Baby Carrier Industry Alliance (BCIA) Executive Director Vesta Garcia issued the following statement on today's Consumer Product Safety Commission (CPSC) statement on safe babywearing:
“Our members agree with the CPSC on the importance of educating consumers about proper, safe babywearing techniques. BCIA is currently developing a babywearing safety education program with Health Canada and we hope to do the same with CPSC.”
"BCIA members are moms and dads as well as leaders in their industry, whose top priority is the healthy development and safety of babies and toddlers. Millions of Americans have embraced babywearing as safe, practical, comfortable and convenient. Both its growing popularity and the awareness of its benefits are due in part to an increased understanding of the baby's and mother's biological need to be together. Studies have shown that, for mothers, babywearing facilitates the initiation and ease of breastfeeding and can help moms form stronger bonds with their babies. Babywearing also helps mothers care for themselves and for their babies during the newborn stage. In other words, research shows that this close caregiver attachment and stimulating, safe environment are a critical part of early childhood development.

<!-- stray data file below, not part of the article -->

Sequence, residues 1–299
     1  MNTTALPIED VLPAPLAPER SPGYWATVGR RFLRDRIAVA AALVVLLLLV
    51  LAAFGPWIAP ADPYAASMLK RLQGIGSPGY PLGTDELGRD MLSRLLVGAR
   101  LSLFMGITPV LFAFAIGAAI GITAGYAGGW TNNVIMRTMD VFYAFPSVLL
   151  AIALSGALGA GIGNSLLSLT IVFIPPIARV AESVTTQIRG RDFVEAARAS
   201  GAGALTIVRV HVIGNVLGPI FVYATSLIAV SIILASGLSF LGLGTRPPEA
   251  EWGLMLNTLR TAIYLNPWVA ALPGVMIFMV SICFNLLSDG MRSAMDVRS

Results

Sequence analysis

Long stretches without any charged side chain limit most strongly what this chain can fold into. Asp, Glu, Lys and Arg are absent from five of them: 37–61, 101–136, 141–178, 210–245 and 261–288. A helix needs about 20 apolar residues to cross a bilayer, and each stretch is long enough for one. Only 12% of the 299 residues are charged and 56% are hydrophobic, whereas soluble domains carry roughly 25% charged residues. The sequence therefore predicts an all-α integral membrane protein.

"Our members agree with the CPSC on the importance of educating consumers about proper, safe babywearing techniques. BCIA is currently developing a babywearing safety education program with Health Canada and we hope to do the same with CPSC.
"US baby sling manufacturers have been working with the American Society for Testing and Materials (ASTM International) to initiate the nation's first voluntary safety standard for sling-style carriers. The standard, which will be finalized in early 2011, will join standards for cribs, strollers, hand-held infant carriers (car seats), bouncer seats, play yards and other nursery products as an effective way to protect the public from unsafe products.
We remind parents and caregivers that the practice of babywearing keeps babies in the safest place possible -- a parent's arms with baby's face visible to the carrying adult."
Baby Carrier Industry Alliance